I bought a new bike last month and it came with....wait for it.....53/11! That's a SuperMario-sized gear. That's like me having a 500lb barbell in the basement. What a joke.
They swapped the D/A cassette for the biggest sprocket they could - a 12 - and I swapped the big ring for a beautiful TA ring of 50t.
Sure it's a way bigger high gear than I've ever had but I'll just let my ego soak that one up.
I always used a 42 inner but the new bike came with a 39. I'll keep that one and my aging bod will be grateful I think.
Fit the gears YOU need, not what the pros use or the bike companies think we should use.
Isn't it funny that 50t chainrings are all the rage since Tyler showed us that it was just ok to use them? Back in the 1960s I used a 50 and it was normal then.
Dec 12, 2003 5:42 PM
|50-34 setup. I am not all that powerful, so I figured the 50 would be plenty at the top end and the 34 would make it a great climber on the steeps, while being a much lighter, better shifting setup than a triple. So far, so good.|
|Is there another kind?||The Walrus|
Dec 12, 2003 6:00 PM
|I still have the original 53/39 rings on the Catalyst, but everything else is all over the place--48/34, 48/38, 48/36, 48/38/26, 46/34/22.... Ever since I first got a 'cross bike, I've never gone bigger than 48 on anything. Even a 48/12 combination is bigger than I'm likely to push on the flats for any length of time, and if I spin out in that combo on the downhills, I just coast and grin. At my age, whatever's easier on my knees gets the nod from me.|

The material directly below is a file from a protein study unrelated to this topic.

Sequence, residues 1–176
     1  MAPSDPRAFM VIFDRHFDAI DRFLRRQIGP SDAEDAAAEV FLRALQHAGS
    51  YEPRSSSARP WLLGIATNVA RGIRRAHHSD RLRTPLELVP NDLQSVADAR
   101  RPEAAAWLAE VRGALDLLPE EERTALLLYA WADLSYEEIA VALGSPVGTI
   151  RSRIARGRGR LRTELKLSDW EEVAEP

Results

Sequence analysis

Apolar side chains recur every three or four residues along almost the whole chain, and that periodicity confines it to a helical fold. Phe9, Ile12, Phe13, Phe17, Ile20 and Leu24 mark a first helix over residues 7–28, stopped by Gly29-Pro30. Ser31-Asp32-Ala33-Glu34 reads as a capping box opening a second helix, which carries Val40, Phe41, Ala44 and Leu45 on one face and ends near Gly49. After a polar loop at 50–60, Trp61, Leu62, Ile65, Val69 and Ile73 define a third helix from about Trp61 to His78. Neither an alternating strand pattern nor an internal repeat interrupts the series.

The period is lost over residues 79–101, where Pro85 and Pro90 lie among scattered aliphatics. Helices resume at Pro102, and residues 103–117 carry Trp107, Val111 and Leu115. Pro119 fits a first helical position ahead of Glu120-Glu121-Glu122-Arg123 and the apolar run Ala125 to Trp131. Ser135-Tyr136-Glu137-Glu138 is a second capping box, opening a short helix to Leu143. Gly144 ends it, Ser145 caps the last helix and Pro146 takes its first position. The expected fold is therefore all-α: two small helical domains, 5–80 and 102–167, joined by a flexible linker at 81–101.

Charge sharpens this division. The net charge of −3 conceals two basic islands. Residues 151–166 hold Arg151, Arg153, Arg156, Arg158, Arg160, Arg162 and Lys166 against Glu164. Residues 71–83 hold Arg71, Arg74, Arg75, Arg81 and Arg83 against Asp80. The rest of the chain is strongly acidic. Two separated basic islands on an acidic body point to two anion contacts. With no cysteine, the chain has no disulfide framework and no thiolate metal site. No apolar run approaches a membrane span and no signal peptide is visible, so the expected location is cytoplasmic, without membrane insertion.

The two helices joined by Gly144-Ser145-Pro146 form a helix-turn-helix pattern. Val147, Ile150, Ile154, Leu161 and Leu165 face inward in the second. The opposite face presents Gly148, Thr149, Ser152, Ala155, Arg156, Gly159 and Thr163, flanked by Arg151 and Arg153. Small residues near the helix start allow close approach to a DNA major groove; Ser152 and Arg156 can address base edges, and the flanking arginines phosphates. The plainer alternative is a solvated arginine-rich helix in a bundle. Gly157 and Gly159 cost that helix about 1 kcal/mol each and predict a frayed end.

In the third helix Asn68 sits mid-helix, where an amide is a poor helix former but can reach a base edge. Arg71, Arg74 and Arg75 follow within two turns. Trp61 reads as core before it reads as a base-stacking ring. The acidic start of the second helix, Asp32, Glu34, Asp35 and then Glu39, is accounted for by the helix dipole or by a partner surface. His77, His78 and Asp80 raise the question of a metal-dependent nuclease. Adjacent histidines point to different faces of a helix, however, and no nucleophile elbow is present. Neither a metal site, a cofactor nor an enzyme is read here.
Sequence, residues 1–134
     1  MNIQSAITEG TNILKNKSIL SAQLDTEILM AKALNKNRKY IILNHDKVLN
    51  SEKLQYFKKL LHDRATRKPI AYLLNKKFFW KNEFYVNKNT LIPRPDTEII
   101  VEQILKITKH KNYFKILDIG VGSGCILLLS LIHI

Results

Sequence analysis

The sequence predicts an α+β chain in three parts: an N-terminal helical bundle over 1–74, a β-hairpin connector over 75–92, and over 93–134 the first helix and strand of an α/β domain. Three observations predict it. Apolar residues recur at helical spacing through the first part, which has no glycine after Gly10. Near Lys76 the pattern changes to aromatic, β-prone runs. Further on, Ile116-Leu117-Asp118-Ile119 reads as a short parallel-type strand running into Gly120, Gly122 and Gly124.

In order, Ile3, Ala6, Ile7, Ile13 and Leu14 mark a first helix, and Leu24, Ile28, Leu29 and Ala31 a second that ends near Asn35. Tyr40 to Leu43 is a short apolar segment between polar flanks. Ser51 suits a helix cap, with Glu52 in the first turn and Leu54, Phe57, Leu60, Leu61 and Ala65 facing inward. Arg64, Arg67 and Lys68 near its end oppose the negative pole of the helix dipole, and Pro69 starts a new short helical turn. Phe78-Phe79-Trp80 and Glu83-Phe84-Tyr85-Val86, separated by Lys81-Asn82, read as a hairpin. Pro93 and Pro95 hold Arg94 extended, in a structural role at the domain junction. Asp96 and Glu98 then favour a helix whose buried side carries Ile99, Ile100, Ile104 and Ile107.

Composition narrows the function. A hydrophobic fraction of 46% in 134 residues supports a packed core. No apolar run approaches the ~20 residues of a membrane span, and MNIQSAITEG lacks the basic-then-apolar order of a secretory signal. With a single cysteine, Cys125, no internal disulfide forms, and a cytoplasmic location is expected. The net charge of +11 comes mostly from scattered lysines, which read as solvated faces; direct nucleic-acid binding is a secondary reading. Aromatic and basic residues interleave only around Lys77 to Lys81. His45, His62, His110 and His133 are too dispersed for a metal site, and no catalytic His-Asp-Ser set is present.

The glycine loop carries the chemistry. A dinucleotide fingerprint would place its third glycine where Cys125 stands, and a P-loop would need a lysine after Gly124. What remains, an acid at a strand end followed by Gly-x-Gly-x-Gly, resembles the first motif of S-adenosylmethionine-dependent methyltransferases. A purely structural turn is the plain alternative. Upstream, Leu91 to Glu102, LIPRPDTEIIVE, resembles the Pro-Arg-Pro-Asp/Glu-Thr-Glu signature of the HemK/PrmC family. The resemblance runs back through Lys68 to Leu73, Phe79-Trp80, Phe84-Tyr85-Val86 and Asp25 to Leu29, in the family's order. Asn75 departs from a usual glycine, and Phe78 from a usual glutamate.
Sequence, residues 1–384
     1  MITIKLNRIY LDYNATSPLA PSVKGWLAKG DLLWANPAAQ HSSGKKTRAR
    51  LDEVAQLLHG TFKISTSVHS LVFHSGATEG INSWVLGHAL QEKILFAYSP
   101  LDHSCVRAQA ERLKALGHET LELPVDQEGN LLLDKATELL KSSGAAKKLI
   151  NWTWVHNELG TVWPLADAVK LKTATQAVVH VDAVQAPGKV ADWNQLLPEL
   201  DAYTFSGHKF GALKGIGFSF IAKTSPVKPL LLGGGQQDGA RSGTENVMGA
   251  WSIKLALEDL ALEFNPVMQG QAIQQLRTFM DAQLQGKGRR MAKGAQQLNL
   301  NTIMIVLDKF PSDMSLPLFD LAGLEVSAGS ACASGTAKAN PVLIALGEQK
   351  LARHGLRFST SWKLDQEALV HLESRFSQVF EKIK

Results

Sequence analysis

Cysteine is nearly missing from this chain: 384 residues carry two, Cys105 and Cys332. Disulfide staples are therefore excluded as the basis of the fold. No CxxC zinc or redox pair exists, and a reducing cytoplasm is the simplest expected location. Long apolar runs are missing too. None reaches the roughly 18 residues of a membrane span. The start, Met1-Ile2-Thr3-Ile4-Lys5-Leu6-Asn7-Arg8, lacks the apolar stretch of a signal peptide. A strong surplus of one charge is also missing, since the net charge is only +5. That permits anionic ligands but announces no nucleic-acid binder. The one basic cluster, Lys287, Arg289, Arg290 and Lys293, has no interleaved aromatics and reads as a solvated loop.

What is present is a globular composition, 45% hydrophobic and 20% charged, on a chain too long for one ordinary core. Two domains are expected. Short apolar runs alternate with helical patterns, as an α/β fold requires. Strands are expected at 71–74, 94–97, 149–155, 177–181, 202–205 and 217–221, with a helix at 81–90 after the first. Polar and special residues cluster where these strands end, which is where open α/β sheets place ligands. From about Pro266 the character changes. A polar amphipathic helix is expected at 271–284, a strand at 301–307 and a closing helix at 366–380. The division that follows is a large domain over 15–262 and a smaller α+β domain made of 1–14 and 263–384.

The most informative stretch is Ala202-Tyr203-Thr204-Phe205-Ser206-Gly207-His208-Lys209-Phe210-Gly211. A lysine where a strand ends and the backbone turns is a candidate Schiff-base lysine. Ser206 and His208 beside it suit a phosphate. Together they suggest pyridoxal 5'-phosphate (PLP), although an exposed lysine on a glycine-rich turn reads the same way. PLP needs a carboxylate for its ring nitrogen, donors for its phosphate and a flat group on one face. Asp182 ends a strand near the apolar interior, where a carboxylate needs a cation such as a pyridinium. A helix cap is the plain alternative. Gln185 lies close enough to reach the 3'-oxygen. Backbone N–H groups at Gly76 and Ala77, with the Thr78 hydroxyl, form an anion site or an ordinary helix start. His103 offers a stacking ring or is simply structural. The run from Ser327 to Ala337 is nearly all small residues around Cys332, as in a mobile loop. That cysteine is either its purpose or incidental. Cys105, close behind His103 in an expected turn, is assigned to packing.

|I was going to say that...||satanas|
Dec 14, 2003 7:11 AM
|Let's see, I've got 57x44 (17" wheels), 49x38x26, 48x38, 46x36x26, 46x36x24, 42x32x20 (2 of these), 44single, oh yes and 53x41 on the Super Record bike.
The highest top gear is 104" - I like to spin. I notice that Trek are using 53x39 + 11-23 on all the DA 10 speed bikes - what drugs are these guys on? Most posts I've seen are saying that anything bigger than 53x12 is totally unusable for mere mortals.... Surely 12-23 or 25 would be more sensible?
|Five bikes in household, 48/38/24 on all of 'em||Trent in WA|
Dec 12, 2003 10:15 PM
|The 48/38/24 combination gives us great cruising gears and stump-pulling lows, particularly on my 26" wheeled tourer. It's good for touring and for long unsupported rides (brevets, etc.), and can be realized on either 130 or 110 bcd triples with a 74 inner bcd. The crank collection includes two TA Alizes, a couple of clapped-out old Shimano Deore triples, and a vintage Suntour XC Comp.